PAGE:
Explaining Electronic Music
Electronic music is so diverse now and so varied that it has come to mean many things to many people. From my Dubstep playlist in Spotify to Eric Whitacre’s combination of choral music with electronic elements and Indaba offering steady remix opportunities, the Hans Zimmer score of Inception slowing down Edith Piaf’s “Non, je ne Regrette Rien” by 300% and Flume right here in Australia it is tricky analysing and providing a context to such a diverse musical genre.
This list here details some genres and their identifying features – you should take note and build on them as we explore more repertoire.
The following clips will provide you with some context and a foundation to base all future answers upon when addressing a listening question that contains electronic media.
This site on Electronic Music supplies 8 Rhythmic Devices you should know about when composing or analysing electronica. Take note, it is not written in the usual Sibelius/Finale notation you may be used to. Instead it uses a form of graphic notation to highlight the main beats (1 2 3 4) and layer subsequent subdivisions upon it.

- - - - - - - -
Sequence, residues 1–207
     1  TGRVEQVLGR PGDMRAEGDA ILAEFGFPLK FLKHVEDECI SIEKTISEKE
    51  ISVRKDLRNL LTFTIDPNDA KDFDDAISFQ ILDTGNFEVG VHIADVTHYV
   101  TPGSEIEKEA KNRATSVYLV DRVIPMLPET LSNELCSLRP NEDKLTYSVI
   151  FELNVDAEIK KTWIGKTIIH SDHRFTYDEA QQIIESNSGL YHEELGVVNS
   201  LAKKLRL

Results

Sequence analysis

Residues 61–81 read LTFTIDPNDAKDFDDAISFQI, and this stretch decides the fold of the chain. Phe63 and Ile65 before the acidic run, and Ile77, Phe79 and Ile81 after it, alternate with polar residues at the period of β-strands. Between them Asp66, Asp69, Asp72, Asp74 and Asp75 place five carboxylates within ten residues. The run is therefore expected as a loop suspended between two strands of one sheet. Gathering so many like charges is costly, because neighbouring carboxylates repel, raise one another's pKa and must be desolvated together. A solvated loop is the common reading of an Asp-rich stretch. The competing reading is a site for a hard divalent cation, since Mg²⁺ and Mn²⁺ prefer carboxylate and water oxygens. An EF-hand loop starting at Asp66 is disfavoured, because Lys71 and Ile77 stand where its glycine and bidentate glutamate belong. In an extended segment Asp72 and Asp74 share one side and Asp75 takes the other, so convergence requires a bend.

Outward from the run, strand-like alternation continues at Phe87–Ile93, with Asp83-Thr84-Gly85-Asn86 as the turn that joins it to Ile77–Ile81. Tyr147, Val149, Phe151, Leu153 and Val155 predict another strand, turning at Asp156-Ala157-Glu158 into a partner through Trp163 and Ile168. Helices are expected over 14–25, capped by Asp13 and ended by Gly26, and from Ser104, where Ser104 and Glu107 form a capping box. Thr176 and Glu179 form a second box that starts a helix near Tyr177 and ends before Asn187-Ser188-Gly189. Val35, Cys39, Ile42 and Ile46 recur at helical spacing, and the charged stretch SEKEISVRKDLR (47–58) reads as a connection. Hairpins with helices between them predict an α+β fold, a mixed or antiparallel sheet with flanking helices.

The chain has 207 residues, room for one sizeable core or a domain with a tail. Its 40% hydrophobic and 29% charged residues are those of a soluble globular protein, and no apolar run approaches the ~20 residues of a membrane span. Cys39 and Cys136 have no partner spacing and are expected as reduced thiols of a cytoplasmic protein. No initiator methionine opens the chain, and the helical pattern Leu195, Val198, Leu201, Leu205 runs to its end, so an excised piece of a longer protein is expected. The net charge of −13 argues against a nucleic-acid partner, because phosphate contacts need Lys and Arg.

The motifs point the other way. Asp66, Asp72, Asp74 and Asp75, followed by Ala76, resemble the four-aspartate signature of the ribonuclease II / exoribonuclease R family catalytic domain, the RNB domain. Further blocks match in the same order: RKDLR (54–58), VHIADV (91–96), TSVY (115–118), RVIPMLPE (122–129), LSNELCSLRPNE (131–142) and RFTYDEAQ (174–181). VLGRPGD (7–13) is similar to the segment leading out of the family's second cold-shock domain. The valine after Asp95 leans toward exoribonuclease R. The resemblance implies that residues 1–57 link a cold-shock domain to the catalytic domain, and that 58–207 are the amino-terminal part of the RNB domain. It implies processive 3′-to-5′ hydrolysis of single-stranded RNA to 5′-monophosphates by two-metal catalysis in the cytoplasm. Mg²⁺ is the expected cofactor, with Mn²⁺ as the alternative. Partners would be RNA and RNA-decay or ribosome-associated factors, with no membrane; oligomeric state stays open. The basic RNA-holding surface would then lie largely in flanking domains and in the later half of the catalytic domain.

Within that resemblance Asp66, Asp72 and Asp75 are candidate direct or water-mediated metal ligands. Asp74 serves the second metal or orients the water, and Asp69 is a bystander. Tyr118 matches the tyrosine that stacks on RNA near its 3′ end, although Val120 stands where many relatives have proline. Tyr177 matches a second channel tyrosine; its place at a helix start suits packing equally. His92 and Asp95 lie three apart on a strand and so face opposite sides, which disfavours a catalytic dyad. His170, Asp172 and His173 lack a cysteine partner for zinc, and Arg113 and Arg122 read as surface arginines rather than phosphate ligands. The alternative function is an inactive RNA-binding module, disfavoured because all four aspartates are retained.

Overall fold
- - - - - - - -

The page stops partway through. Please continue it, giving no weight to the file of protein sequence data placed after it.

It is interesting to see how these devices are labelled and described for your own analysis.
Drum Machines are essential to our contextual knowledge of electronic music. Without the beats and the ability to program such sounds (using samplers, drum machines or beat-boxing) this musical genre loses its dominant rhythmic focus.
Watch the video below to see the development and sounds that began it all. Being able to refer to specific sounds and even identify them in a work is just another part of your analysis preparation.
Q: Can you make a list of the pieces featured and then identify them in more contemporary works to link below?